Chapter 271

The emergency physician must be familiar with the examination of the normal and abnormal knee to be able to recognize, treat, and make appropriate referrals for specific injuries. The first examination is usually the easiest to perform and may be the most valid, because the patient does not anticipate pain and therefore does not guard against the examination and because inflammation and effusion further limiting the examination may not yet have occurred.

Within the knee joint, the distal femur (comprised of the medial and lateral femoral condyles) articulates with the proximal tibia (comprised of the medial and lateral tibial condyles) (Figure 271-1). The medial and lateral menisci are situated between the articular surfaces, and the menisci provide cushion, lubrication, and resistance to articular wear (Figure 271-2). The patella articulates with the distal femur along the patellofemoral groove. The patellofemoral groove is the depression in the anterior aspect of the distal femur that allows the patella to slide along the femur with flexion and extension of the knee.

###### Figure 271-1.

The supracondylar and condylar areas of the femur, and the medial and subcondylar areas of the tibia. [Modified with permission from Hohl M, Larson RL: Fractures and dislocations of the knee, in Rockwood CA Jr, Green DP (eds): Fractures, Vol. 2. Philadelphia, JB Lippincott, 1975, pp. 1132, 1147.]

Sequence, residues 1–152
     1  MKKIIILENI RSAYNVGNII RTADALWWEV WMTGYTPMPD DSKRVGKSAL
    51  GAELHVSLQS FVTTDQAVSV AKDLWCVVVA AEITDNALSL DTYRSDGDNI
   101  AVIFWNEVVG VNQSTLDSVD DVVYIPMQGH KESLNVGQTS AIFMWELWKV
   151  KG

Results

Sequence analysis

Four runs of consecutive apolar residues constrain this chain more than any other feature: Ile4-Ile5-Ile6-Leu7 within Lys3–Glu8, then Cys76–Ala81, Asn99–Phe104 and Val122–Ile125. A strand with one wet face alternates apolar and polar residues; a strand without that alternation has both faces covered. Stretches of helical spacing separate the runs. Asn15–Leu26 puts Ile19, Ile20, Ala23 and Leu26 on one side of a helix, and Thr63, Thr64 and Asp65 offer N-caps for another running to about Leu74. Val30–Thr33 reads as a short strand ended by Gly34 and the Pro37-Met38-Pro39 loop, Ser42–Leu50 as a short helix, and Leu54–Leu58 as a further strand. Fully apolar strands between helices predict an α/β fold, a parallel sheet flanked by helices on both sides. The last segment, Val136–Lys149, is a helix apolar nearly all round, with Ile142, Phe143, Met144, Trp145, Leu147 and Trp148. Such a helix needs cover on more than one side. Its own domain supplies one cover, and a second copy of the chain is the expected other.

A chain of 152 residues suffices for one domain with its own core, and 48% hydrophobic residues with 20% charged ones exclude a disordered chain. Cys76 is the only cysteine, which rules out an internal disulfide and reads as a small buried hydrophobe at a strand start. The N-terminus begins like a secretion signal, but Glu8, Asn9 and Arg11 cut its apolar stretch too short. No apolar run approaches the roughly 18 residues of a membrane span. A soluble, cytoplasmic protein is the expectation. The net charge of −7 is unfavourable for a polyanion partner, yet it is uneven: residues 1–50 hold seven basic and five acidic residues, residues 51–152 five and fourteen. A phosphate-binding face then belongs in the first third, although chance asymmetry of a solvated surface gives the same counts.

###### Figure 271-2.

Ligaments of the right knee joint. The articular capsule and the patella have been removed. (Reproduced with permission from Spencer AP, Mason EB: Human Anatomy and Physiology. Menlo Park, CA: Benjamin/Cummings, 1979, p. 174.)

There are four ligaments in the knee: the anterior and posterior cruciate ligaments and the medial and lateral collateral ligaments (Figure 271-2). These ligaments provide strength and stability to the knee.

The posterior aspect of the knee, the popliteal fossa, contains the popliteal artery and vein, the common perineal nerve, and the tibial nerve.

The knee examination consists of five components: history, observation, inspection, palpation, and stress testing (see video: The Knee Exam).

Determine the mechanism of knee injury and review all prior orthopedic injuries or surgical procedures. Assess gait (if possible), functional range of motion, and the ability of the patient to extend the flexed knee against minimal resistance. Inspect the knee for swelling, ecchymoses, effusion, masses, patella location and size, muscle mass, erythema, and evidence of local trauma. With the patient supine, determine whether leg lengths are equal or unequal. Last, ask the patient to demonstrate the best possible active range of motion. Assess pulses and distal neurologic function. As with all orthopedic examinations, the noninjured or normal knee should be compared with the injured knee during all aspects of the examination, but especially during palpation and ...

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